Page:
Are Banks Finally Beginning to Catch Up in Helping Struggling Homeowners?

By
Real Estate Agent with Curtis Johnson Realty

Mortgage Help for Struggling Homeowners?Mortgage lenders are starting to figure out that it is in their best interest to assist struggling homeowners with loan modifications. Many have developed their own plans outside the government’s attempt at a cure for the problem.

The Home Affordable Modification Program was touted as the solution to the problem, increasing the public’s view that “Uncle Sam” would do more than tax us to death. In reality though, while the program’s guidelines are not necessarily wrong, the banks simply choose not to use it.

MakingHomeAffordable.gov
boasts that over a million borrowers have been helped, but less than 390,000 borrowers who took advantage of the program are still using it. Over 500,000 struggling home owners who qualified have walked away from the plan in favor of a more lucrative bank-sponsored plan, the rest have ended up losing their homes anyway.

Banks simply don’t want to use the government’s program, have been notorious at denying those who are 100% qualified for the program, and have often favored foreclosure over any realistic attempt at helping a homeowner who can’t get caught up with past-due payments.

But it seems they are beginning to realize that having millions of foreclosures in their files is not good for business. When too many mortgages are foreclosed, banks begin to see negative effects on their own credit quality.

While still resisting the Obama administration’s plan, and less inclined to assist high-risk customers, more and more banks are developing their own plans to assist struggling home owners who would have previously been considered low-risk borrowers.

For example, last quarter Wells Fargo was able to move $1.8 billion worth of distressed loans back to a “performing” status. This was done without the use of government programs. According to Hope Now, bank-sponsored modifications have helped 8.2 times as many home owners as has the Home Affordable Modification Program.

The only large lender to effectively and widely use the Home Affordable Modification Program is Citibank, in which the US Government holds ownership stake. However, “effective” and “wide” amounts to only approving about 30% of eligible home owners.

Banks, like most of us, simply prefer to claim responsibility for their own success and do not like to depend upon the government’s rules or help.

Banks see that assisting those home owners who were high risk to begin with is not wise, and these are the mortgages that are usually denied assistance.  But there is an increasing number of regular, low-risk mortgages that are in trouble. These are the people who, if given some time to get back on their feet, will likely catch up and eventually pay off their mortgages as planned.

Perhaps it is the reality of these mortgages that is causing banks to really wake up to what is happening. In response, Bank of America, Wells Fargo, JPMorgan Chase and Citigroup have together added nearly 30,000 new positions with the sole job of processing these loan modifications more effectively and quickly.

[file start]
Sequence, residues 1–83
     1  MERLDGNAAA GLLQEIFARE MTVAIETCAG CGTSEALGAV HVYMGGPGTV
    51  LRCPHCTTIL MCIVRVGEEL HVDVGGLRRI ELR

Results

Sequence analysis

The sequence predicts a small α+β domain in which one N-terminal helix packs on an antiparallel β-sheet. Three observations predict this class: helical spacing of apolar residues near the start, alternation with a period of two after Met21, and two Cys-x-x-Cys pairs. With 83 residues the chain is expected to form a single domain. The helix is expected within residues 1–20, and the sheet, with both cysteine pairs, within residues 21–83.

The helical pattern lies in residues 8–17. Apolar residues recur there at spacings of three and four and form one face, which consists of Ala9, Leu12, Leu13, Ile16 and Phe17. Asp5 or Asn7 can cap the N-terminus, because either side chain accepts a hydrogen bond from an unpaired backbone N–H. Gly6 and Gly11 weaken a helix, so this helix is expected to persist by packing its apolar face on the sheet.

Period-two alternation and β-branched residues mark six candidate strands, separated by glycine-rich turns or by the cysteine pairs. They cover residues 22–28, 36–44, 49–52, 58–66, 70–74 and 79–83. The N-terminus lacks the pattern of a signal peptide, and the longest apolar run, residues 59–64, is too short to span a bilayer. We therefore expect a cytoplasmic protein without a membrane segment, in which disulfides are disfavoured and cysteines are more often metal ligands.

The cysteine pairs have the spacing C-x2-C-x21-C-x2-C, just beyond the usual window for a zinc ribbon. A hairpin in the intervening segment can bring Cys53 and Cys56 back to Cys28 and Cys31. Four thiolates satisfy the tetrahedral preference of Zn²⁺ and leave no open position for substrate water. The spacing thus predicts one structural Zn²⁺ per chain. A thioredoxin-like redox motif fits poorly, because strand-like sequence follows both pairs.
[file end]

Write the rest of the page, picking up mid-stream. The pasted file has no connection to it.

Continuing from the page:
If you are in trouble with your mortgage, give the Curtis Johnson team a call. The Curtis Johnson Team is helping individuals who are facing foreclosure and those who are seeking their dream homes.

Go to www.CurtisJohnsonRealty.comor call 1-888-Curtis-J.

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Comments (3)

John Puplava
ABC Home Inspections,L.L.C. - Prescott, AZ
ABC Home Inspections,L.L.C.

Hi Curtis,

How are you doing today. I just want to introduce myself to you my name is John with ABC HOME INSPECTIONS. If I can assist you in any home inspections. Please call me.

Thank You,

John with ABC Home Inspections

602-471-7384

Sep 26, 2010 06:08 PM
Craig Chapman
Call Realty / Access Appraisals - Mesa, AZ
The Value Guy

Great post Curtis, & a good point about the banks not typically doing the loan modification for those who would be high risk.  But that doesn't mean they don't string those people on for months sometimes telling them they are in review until they foreclose.  I have seen this happen to people who I had told they would not be good candidates for a loan mod because they had no income to speak of.  Then the bank keeps them in limbo making them believe they may still qualify until they foreclosed.  They should have done a short sale, but because of what the bank told them they opted to sit there & hope until they got foreclosed on.  This is probably not the typical deal, but people do need to know that if they are out of work it can really hurt towards getting a loan mod through.

 

Sep 27, 2010 09:22 AM
Anonymous
Curtis Johnson

Good points Craig. The sad thing is from all my sources high up in the banks - the worst is yet to come and the rate of people being kicked out of mod's and refi's and just plain losing their homes is going to move much higher. No doubt this is a mess right now, and banks are not making viable solutions for the public to get out.

Sep 27, 2010 09:51 AM
#3